What could be worse? Death, Or the way we die? What is more important, to live or to be alive? These are the questions I’ve asked myself every day for the past 173 years. Ironical isn’t it , that I am neither dead nor alive. I carry around a tag of being undead, but truly I’m unalive. How could they know. I have been quarantined in a metal prison, since a time beyond what my imagination could weave or my memory could conceive. They take my samples once in a while, fathoming my sordid existence. They feed me reddened meat every day. Maori , my keeper, slides the meat from beyond the door and through a small picketing hole. The undead needs to survive for being an anomaly of nature, don’t they.

But everything changed, when Baa-Baa entered my metal palace. The second victim of the virus. Quarantining therefore was just a nominal safety measure and everyone knew that. She was like me in many ways, deep sullen eyes, brown and white hair, chewed up upper lip, and blood dripping from her nose.. She was hence categorically undead. She walked inside and made no attempt of socializing. Nothing at all. She stood at the northern side of the wall, and stared at the wall. I could only make muted sounds, but then she had her tongue intact. She could talk if at all she chose to.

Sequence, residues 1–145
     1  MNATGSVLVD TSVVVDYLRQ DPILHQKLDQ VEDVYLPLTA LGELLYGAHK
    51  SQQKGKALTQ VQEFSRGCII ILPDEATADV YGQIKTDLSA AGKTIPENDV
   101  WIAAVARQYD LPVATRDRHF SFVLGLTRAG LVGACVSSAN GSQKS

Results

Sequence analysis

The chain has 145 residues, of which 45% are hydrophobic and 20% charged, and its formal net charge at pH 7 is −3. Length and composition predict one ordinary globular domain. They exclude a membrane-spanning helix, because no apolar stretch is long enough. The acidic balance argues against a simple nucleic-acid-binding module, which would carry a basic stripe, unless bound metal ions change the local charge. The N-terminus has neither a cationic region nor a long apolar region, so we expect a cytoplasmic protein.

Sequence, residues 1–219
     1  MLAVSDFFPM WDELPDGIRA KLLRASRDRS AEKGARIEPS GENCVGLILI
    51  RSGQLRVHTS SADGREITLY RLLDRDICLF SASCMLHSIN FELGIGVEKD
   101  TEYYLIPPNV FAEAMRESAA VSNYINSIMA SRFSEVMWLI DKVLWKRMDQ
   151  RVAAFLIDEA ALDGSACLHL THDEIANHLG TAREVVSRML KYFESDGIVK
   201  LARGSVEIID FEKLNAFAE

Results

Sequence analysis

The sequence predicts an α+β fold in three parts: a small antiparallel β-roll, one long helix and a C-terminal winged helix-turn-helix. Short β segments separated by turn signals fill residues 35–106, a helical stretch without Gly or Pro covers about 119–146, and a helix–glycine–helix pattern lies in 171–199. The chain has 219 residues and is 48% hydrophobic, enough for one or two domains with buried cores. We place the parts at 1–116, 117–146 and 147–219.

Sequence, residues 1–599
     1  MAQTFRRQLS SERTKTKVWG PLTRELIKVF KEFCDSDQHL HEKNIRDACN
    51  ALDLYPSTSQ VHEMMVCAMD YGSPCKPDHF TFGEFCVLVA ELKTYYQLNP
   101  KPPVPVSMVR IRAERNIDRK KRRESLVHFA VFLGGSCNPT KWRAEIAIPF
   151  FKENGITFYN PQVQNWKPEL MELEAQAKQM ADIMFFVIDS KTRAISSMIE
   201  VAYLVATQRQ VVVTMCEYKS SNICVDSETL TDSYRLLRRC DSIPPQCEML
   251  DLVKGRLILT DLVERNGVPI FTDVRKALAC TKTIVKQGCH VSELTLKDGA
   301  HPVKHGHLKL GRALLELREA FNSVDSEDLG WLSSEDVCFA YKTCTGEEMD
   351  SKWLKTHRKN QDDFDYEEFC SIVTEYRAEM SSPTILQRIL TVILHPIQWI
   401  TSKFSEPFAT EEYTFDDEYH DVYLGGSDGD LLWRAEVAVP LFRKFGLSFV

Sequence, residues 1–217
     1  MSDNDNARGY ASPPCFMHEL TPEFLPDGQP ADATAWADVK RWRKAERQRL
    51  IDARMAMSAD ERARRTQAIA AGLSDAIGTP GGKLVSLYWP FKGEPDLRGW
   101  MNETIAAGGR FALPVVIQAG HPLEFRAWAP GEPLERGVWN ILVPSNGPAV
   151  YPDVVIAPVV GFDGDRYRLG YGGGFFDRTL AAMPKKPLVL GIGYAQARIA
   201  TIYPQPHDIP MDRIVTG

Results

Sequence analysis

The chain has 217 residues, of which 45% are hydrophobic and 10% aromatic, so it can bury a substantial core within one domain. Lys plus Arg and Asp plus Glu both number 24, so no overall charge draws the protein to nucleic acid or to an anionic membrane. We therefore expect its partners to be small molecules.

Thud. Thud. Thud. And I woke with a chill in my spine. I could still sleep and I could still have meaningless dreams. Only I wasn’t human. The thud sound came from Baa-Baa’s side and was being created by her, literally.  It was her banging her head at the wall, till her skull would fracture or she’d lose her conscious. I dragged myself up-to her. She fleetingly glanced at me and continued with the act, as I nodded my head implying her to stop.
For 47 years thereafter, this had become my daily routine.. Waking up to the loud thuds which came at the first ray of Sun and sitting there and watching her continue for some time. She would occasionally stop to look at me, I swear I saw her smile a couple of times too, and resume banging till she fell to the ground. She would wake up some hours later and blankly look at the skies. I would sometimes make a small ball out of mud and throw it at her. That would disturb her blank staring and she would scowl at me.

Then one day, our food was stopped. The meat was abandoned. Hunger spiked up slowly into mindless scampering. She couldn’t stare at the skies, even her self inflictions stopped midway. Weeks turned the time, and hunger made us look at each other. Afraid, and starving that’s when we saw what remained in us. She allowed me to touch her. I allowed her to hit me.

One fine morning, as the world stopped, I woke up to peaceful chirping from far away. Not the insistent banging. Nor the soundless stares. Not even to her. Something had changed though in me. I was no longer feeling hungry. All that was left of her was a strand of brown and white hair…..

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